Treatment options vary for babies and may include:

  • Nonsurgical positioning device
    The Pavlik harness is used to treat babies up to 6 months of age.  It holds the hips in place, while allowing the legs to move a little. The harness is put on by your baby's doctor and is usually worn for 12-24 hours per day for one to three months. Your baby is seen frequently during this time so that the harness may be checked for proper fit and to examine the hip. At the end of this treatment, X-rays or ultrasound are used to check hip position and development. The hip may be successfully treated with the Pavlik harness, but sometimes, it may continue to be partially or completely dislocated and may require further treatment.  Other nonsurgical positioning devices that are commonly used include the rhino rigid abduction brace.

  • Closed Reduction and Spica Casting
    If the hip continues to be partially or completely dislocated, or if DDH is diagnosed between the ages of 6 months and 2 years, closed reduction and spica casting may be required.  This is where the surgeon manually places the hip into a better position and holds it there in a cast.  This is usually done in the operating room under general anesthesia.  Your surgeon may inject dye into the hip joint to help better see the position of the hip joint.  The cast usually remains in place full time for 6-12 weeks.
  • Open Reduction Surgery
    If the other methods are not successful, or if DDH is diagnosed after one to two years of age, surgery may be required to put the hip back into place, also known as a "open reduction."  This includes surgically opening the hip joint and putting the ball in the socket.  It may also include cutting and realigning the femur and pelvis bone.  After this surgery, children are usually placed in a spica cast for 6-12 weeks.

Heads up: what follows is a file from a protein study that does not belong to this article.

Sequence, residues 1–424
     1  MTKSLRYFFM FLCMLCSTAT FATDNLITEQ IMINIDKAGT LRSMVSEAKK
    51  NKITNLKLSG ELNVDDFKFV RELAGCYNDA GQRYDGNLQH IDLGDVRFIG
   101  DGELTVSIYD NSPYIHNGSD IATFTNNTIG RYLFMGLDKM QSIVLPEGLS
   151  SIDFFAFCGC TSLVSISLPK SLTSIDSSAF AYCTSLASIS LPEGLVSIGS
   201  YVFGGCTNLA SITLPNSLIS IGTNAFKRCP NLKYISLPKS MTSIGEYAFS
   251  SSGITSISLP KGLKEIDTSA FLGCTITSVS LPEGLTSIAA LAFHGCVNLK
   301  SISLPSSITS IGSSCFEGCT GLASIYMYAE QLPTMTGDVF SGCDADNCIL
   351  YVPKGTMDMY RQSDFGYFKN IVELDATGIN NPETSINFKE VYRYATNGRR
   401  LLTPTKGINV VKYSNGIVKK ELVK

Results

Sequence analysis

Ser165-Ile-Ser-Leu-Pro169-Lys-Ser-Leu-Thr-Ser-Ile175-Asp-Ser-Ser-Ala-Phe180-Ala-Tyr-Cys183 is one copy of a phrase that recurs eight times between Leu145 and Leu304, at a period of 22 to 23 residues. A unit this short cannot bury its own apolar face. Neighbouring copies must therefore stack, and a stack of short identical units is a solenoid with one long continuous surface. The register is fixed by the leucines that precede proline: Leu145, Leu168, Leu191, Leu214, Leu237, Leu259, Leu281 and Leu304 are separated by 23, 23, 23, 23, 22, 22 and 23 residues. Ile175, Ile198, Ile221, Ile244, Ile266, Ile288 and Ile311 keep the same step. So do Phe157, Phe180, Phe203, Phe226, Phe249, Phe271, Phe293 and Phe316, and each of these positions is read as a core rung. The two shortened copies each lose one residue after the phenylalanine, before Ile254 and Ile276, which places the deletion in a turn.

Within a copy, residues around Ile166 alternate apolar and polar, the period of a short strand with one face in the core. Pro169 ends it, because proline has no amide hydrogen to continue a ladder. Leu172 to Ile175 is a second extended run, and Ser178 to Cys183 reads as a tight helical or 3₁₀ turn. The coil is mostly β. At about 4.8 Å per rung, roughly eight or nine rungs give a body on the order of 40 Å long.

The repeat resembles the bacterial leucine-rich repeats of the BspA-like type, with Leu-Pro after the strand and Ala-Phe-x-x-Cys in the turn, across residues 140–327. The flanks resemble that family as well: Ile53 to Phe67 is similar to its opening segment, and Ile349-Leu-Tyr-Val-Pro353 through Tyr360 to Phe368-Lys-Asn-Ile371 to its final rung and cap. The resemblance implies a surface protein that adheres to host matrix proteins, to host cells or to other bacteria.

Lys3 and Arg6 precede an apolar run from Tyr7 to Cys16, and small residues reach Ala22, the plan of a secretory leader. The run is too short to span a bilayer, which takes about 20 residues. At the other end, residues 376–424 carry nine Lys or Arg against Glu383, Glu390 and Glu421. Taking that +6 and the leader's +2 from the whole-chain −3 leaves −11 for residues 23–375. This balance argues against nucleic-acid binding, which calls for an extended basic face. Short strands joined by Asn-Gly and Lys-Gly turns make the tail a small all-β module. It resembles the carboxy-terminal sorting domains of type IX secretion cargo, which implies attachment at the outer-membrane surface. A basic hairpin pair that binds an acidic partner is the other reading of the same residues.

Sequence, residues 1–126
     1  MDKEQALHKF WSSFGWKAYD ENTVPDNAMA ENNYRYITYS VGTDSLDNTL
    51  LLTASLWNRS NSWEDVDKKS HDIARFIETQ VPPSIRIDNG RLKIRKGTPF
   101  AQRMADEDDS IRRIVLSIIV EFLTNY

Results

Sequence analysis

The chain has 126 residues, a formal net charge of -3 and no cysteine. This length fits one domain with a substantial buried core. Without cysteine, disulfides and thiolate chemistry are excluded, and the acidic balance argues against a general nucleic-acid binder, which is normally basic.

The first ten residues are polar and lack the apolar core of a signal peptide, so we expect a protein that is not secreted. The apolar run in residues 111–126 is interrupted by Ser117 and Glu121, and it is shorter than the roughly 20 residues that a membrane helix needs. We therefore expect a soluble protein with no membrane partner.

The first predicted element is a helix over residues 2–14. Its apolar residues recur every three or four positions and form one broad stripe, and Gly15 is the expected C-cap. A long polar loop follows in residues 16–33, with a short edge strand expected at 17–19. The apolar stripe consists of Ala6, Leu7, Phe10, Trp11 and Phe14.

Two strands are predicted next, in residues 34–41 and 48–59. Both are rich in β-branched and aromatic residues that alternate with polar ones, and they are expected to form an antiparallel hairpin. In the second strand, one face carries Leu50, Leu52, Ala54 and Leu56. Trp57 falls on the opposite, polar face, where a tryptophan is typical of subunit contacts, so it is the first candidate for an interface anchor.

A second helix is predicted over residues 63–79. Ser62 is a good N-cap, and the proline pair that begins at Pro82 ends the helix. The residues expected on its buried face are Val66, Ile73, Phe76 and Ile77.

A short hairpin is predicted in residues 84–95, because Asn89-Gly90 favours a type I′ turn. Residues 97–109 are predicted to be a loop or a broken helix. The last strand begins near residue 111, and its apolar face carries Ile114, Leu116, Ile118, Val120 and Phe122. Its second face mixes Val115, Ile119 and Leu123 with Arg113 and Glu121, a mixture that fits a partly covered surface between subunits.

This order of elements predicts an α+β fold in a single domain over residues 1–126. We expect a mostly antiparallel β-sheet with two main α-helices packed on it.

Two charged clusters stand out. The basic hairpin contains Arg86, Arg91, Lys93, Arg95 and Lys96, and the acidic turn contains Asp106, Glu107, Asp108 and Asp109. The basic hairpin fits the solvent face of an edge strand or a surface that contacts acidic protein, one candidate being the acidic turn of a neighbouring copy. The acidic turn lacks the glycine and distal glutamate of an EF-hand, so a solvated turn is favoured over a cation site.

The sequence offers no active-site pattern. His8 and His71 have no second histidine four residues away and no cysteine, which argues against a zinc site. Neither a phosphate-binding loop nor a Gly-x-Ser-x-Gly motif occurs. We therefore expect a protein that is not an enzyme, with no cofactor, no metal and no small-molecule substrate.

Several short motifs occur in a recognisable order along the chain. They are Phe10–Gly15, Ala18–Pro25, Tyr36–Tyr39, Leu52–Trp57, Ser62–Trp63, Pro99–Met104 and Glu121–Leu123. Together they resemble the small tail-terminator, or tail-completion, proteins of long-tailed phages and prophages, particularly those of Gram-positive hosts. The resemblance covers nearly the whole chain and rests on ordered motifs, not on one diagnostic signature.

Following casting, a special brace and/or physical therapy exercises may be necessary to make the muscles around the hip and in the legs stronger.

What is a short leg hip spica cast?

A short leg hip spica cast is applied from the chest to the thighs or knees. This type of cast is used to hold the hip in place after surgery to allow healing.

Cast care instructions

  • Keep the cast clean and dry.
  • Check for cracks or breaks in the cast.
  • Rough edges can be padded to protect the skin from scratches.
  • Do not scratch the skin under the cast by inserting objects inside the cast.
  • Use a hairdryer placed on a cool setting to blow air under the cast and cool down the hot, itchy skin. Never blow warm or hot air into the cast.
  • Do not put powders or lotion inside the cast.
  • Cover the cast during feedings to prevent spills from entering the cast.
  • Prevent small toys or objects from being put inside the cast.
  • Elevate the cast above the level of the heart to decrease swelling.
  • Do not use the abduction bar on the cast to lift or carry the baby.

When to call your baby's doctor

Contact your baby's doctor or other health care provider if your baby develops one or more of the following symptoms:

  • Fever
  • Increased pain
  • Increased swelling above or below the cast
  • Drainage or foul odor from the cast
  • Cool or cold toes
  • A wet cast

Long-term outlook for a baby with DDH

While newborn screening for DDH allows for early detection of this hip condition, starting treatment immediately after birth may be successful. Many babies respond to the Pavlik harness, and/or casting. Additional surgeries may be necessary since the hip dislocation can reoccur as the child grows and develops. After successful treatment it is important to continue regular visits with the hip doctor.  Xrays are taken on a regular basis until the child is finished growing.  This is to make sure that the DDH does not reoccur.  If left untreated, differences in leg length or abnormal walking, and a decrease in agility may occur. In children 2 years or older with DDH, deformity of the hip and osteoarthritis may develop later in life. DDH can also lead to pain and osteoarthritis by early adulthood if it is not treated.

Call 832-822-3100 to schedule an appointment with Texas Children’s Hospital Orthopedic Program